Trump Questions Woodward Holding Quotes, Says They Were 'Good and Proper'

Donald Trump has questioned journalist Bob Woodward's timing in releasing quotes from interviews in which the president discussed coronavirus and the risk it posed earlier this year.

Trump spoke with Woodward between December and July for his upcoming book Rage, with quotes from these discussions having begun to be publicized.

There is a section in which it is proposed Trump said he understood COVID-19's threat earlier in the year but downplayed its seriousness publicly.

In audio said to be from March released to CNN, Trump can purportedly be heard saying he wanted to "always play it down."

Trump is also said to have spoken of how deadly COVID-19 was in an interview on February 7—days after which, at a campaign rally in New Hampshire, he said he thought things would "work out fine" and suggested it would "go away" by April.

In his latest comments on the matter, he questioned Woodward, of Watergate fame, for not having released the remarks earlier "if he thought they were so bad."

Trump tweeted: "Bob Woodward had my quotes for many months. If he thought they were so bad or dangerous, why didn't he immediately report them in an effort to save lives? Didn't he have an obligation to do so? No, because he knew they were good and proper answers. Calm, no panic!"

Bob Woodward had my quotes for many months. If he thought they were so bad or dangerous, why didn’t he immediately report them in an effort to save lives? Didn’t he have an obligation to do so? No, because he knew they were good and proper answers. Calm, no panic!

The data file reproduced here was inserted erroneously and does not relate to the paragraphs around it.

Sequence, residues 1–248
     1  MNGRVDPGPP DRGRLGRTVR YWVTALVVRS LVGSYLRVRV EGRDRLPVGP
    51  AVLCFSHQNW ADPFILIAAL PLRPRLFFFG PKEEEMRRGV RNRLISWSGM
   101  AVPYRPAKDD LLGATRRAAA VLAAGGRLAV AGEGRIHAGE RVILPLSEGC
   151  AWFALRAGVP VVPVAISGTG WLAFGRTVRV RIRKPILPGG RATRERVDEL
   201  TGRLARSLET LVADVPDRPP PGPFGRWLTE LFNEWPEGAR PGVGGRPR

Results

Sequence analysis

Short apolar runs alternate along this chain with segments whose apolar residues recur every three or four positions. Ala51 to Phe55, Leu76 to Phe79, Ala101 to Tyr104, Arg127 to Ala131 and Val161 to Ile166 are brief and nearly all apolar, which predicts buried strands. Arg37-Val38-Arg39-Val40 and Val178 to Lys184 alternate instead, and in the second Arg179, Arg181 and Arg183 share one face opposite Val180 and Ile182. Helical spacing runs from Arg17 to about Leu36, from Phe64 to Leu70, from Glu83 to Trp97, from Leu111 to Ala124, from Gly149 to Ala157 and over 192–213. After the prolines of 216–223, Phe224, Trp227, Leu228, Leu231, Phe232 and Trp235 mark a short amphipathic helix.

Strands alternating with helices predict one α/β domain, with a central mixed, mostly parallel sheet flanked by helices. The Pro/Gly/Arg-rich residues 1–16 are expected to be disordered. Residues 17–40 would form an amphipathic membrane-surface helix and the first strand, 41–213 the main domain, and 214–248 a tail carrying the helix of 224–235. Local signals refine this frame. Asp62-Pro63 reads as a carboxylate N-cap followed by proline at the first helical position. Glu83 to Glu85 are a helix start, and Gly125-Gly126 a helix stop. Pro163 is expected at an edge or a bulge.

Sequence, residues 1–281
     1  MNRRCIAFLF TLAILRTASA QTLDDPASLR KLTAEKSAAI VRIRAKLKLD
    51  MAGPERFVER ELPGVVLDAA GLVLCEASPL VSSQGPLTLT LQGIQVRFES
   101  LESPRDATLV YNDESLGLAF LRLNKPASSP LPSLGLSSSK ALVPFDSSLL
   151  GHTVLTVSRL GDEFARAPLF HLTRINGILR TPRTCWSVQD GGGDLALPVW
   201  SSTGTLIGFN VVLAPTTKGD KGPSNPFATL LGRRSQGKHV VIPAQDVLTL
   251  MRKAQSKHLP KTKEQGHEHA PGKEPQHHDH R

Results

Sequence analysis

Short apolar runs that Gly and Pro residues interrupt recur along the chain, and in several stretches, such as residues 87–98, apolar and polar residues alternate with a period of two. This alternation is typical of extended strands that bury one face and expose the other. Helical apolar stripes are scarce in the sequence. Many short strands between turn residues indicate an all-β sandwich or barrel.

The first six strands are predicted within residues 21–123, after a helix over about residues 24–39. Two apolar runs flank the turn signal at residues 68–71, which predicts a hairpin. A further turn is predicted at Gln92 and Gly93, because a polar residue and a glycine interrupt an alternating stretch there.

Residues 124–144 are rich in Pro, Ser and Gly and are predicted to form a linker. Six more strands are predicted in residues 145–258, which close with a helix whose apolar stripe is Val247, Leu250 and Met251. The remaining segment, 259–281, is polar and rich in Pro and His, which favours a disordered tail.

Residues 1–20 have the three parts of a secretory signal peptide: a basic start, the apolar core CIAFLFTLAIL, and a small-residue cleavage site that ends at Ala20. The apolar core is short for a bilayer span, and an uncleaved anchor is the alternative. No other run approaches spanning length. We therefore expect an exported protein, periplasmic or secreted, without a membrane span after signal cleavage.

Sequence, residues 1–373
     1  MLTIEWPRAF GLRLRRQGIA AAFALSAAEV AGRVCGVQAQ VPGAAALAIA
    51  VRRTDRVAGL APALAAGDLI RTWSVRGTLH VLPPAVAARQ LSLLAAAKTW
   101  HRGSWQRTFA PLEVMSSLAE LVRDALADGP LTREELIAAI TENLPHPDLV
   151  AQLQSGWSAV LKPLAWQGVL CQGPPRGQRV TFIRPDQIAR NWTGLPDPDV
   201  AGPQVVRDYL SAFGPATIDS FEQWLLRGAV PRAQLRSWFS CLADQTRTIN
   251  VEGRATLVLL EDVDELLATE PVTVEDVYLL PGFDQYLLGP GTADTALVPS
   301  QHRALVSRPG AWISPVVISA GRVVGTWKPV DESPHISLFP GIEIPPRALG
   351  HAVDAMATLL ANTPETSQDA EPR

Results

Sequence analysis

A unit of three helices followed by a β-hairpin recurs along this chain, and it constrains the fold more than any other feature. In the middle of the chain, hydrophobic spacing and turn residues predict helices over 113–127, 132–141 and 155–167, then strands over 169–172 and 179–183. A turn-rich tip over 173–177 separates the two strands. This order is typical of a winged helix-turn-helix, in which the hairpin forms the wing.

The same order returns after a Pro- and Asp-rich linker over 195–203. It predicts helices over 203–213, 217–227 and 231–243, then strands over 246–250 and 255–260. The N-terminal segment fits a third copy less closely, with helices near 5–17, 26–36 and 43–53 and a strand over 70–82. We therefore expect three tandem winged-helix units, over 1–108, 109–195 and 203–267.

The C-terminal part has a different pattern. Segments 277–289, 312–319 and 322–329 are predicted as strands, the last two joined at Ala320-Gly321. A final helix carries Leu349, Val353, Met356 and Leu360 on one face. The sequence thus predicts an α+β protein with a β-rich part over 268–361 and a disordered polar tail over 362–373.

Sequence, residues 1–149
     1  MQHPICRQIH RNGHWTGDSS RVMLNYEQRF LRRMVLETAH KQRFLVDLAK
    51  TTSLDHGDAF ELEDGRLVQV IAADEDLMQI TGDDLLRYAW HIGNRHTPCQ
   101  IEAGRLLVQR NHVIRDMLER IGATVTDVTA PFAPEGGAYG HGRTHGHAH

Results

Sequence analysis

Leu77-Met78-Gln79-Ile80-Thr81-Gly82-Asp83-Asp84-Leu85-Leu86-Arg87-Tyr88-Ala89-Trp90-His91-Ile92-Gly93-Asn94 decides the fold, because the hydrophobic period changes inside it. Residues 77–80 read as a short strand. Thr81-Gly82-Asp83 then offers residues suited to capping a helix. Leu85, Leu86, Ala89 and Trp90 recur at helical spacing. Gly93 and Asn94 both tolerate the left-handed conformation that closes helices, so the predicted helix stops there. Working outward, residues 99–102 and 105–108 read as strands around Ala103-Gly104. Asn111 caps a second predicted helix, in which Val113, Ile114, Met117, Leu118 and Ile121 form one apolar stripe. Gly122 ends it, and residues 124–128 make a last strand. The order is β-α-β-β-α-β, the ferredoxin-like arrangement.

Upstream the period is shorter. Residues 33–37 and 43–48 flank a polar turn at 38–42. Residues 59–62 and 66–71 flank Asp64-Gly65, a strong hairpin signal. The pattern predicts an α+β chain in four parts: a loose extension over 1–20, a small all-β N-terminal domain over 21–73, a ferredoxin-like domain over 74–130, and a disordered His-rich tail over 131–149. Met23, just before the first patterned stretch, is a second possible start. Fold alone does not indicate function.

— Donald J. Trump (@realDonaldTrump) September 10, 2020

He has said this was due to not wanting to create panic and on Wednesday said he did not want to "scare people."

Speaking to Sean Hannity on Fox News he said: "I'm the leader of the country, I can't be jumping up and down and scaring people.

"I don't want to scare people. I want people not to panic, and that's exactly what I did."

The commander-in-chief also previously branded Woodward's work a "political hit job."

Trump is not the first to question the timing of the release, with several critics having asked why he did not detail the remarks from Trump earlier.

Newsweek has contacted the White House, the Trump campaign and the publishers of Rage, Simon and Schuster, for comment.

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President Donald Trump addresses the crowd during a campaign rally at Smith Reynolds Airport on September 8, 2020 in Winston Salem, North Carolina. He has questioned the release of quotes from interviews conducted with him by the journalist Bob Woodward. Sean Rayford/Getty Images

Trump's interviews with Woodward come after having prior criticized the author over his last book, Fear.

In 2018 he labelled the journalist a "Dem operative," while dismissing the veracity of contents of his book. Despite this, he spoke with Woodward 18 times for his latest work.

The president has faced mounting criticism following the release of the quotes, with adversaries such as Democratic presidential candidate Joe Biden and House Speaker Nancy Pelosi (D-CA) commenting upon the reported remarks.

Former CIA Director John Brennan has also been a high profile critic, labeling Trump an "absolute abomination," before pressing for the president to resign.

The below graphic, from Statista, shows predicted figures estimating how many lives could have been saved if control measures amid the pandemic were implemented sooner.

earlier response statista
Statista